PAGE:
• Avoid Peak Sun Hours: Limit exposure to direct sunlight, especially during peak UV radiation hours, typically between 10 a.m. and 4 p.m.
  • Antioxidant-Rich Foods: Consume a diet rich in antioxidants, which can help combat skin damage caused by free radicals
    .12 This includes fruits, vegetables, nuts, and green tea.
  • Moisturize:
    You can use natural oils such as sesame, coconut, peanut, olive, or cottonseed to boost your skin’s resistance to UV rays.13
  • Avoid Chemical Exfoliants:
    Alpha hydroxy acids (AHAs) such as glycolic acid, lactic acid, and tartaric acid, can increase UV sensitivity and hyperpigmentation from the sun.14
  • Topical Antioxidants: Products containing antioxidants like vitamin C, vitamin E, and ferulic acid can provide additional protection against free radicals from environmental damage
    .15
Indoor sun protection is not just a precaution but a necessary step in maintaining long-term skin health. Whether you're at home, in a car, or flying, protecting your skin from UV radiation is crucial. Additionally, if you ever find yourself with a burn, it's important to know how to effectively treat a sunburn for soothing relief and faster healing.
Key Takeaways:
  • Necessity of Indoor Sun Protection: Sunscreen, like OS-01 SHIELD and OS-01 BODY SPF (coming soon), is essential for skin health due to the UV radiation that causes up to 90% of extrinsic skin damage.
  • UVA Rays Indoors: Harmful rays can penetrate glass, contributing to skin aging and cancer, with 60% penetrating windows and causing significant exposure indoors.
  • Benefits of Indoor Sunscreen Use: Protects against UVA rays, preventing collagen and elastin breakdown, reducing skin aging signs, and decreasing skin cancer risks. It also blocks HEV light from screens, preventing premature aging and hyperpigmentation.
  • Sunscreen Reapplication Indoors: Essential every four to six hours, especially near windows. Frequency depends on individual factors and SPF level.
  • Additional Skin Protection Methods: Wearing UV-blocking fabrics, using UV-filtering window films, applying screen filters for HEV light, limiting sun exposure during peak hours, consuming antioxidant-rich foods, moisturizing with natural oils, avoiding chemical exfoliants, and using topical antioxidants.
Key Takeaways:
  • Necessity of Indoor Sun Protection: Sunscreen, like OS-01 SHIELD and OS-01 BODY SPF (coming soon), is essential for skin health due to the UV radiation that causes up to 90% of extrinsic skin damage.
  • UVA Rays Indoors: Harmful rays can penetrate glass, contributing to skin aging and cancer, with 60% penetrating windows and causing significant exposure indoors.
  • Benefits of Indoor Sunscreen Use: Protects against UVA rays, preventing collagen and elastin breakdown, reducing skin aging signs, and decreasing skin cancer risks. It also blocks HEV light from screens, preventing premature aging and hyperpigmentation.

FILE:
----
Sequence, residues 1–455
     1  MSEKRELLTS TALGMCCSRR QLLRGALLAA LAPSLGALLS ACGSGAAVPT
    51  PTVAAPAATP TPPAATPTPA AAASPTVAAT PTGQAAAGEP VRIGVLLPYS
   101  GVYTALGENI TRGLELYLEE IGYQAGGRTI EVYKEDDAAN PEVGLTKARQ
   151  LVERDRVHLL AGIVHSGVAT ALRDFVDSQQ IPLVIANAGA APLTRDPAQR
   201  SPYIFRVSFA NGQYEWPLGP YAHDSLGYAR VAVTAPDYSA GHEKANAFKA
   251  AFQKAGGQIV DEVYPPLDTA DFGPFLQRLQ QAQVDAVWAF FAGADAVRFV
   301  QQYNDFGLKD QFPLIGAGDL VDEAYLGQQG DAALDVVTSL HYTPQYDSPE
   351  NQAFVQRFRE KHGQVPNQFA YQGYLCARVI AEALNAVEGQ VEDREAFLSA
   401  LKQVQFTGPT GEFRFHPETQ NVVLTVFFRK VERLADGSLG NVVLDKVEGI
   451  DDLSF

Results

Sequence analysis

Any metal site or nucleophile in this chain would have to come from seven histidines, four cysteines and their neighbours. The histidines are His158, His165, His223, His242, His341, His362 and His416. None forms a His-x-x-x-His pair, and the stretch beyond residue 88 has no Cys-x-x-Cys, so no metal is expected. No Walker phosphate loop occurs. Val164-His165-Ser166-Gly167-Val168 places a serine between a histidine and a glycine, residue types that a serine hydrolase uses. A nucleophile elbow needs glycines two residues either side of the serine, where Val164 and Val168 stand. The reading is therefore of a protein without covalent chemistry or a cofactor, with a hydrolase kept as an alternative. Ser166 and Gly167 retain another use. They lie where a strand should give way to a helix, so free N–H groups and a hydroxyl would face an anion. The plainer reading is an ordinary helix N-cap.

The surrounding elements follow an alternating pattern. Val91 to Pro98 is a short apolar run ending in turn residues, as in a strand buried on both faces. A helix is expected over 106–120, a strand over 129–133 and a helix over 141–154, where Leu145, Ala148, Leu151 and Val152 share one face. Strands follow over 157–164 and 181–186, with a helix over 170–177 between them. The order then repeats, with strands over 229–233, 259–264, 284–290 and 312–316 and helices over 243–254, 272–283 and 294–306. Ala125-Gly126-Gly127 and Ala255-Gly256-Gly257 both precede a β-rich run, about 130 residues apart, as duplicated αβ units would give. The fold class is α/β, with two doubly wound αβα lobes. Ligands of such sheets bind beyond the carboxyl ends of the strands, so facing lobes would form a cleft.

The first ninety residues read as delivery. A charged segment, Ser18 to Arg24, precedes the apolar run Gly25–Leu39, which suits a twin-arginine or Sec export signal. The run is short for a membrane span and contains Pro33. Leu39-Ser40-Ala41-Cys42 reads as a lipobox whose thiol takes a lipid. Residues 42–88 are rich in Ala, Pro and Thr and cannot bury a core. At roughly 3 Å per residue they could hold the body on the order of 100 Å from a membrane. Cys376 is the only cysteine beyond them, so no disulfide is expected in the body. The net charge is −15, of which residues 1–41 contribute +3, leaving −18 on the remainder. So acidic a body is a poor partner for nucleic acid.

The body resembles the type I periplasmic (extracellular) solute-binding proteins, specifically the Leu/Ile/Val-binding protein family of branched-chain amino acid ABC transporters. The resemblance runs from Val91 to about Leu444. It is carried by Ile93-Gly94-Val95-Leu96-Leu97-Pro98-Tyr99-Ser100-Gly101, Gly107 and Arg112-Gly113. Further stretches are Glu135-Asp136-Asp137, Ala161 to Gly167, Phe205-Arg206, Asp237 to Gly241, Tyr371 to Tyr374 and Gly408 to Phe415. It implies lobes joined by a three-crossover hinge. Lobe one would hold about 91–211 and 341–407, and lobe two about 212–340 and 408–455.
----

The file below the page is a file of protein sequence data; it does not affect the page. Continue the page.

• Sunscreen Reapplication Indoors: Essential every four to six hours, especially near windows. Frequency depends on individual factors and SPF level.
  • Additional Skin Protection Methods: Wearing UV-blocking fabrics, using UV-filtering window films, applying screen filters for HEV light, limiting sun exposure during peak hours, consuming antioxidant-rich foods, moisturizing with natural oils, avoiding chemical exfoliants, and using topical antioxidants.
By Felix Tajanko: Felix is studying Bioengineering at the University of California - San Diego and is passionate about scientific writing as well as the research of menopausal endocrinology and microhemodynamics.
By Felix Tajanko: Felix is studying Bioengineering at the University of California - San Diego and is passionate about scientific writing as well as the research of menopausal endocrinology and microhemodynamics.

Reviewed by Alessandra Zonari, PhD, Chief Scientific Officer (CSO) and Co-Founder of OneSkin

Alessandra earned her Master’s degree in stem cell biology, and her PhD in skin regeneration and tissue engineering at the Federal University of Minas Gerais in Brazil in collaboration with the 3B’s Research Group in Portugal. Alessandra did a second post-doctoral at the University of Coimbra in Portugal. She is a co-inventor of three patents and has published 20 peer-reviewed papers in scientific journals.

Reviewed by Alessandra Zonari, PhD, Chief Scientific Officer (CSO) and Co-Founder of OneSkin

Alessandra earned her Master’s degree in stem cell biology, and her PhD in skin regeneration and tissue engineering at the Federal University of Minas Gerais in Brazil in collaboration with the 3B’s Research Group in Portugal. Alessandra did a second post-doctoral at the University of Coimbra in Portugal. She is a co-inventor of three patents and has published 20 peer-reviewed papers in scientific journals.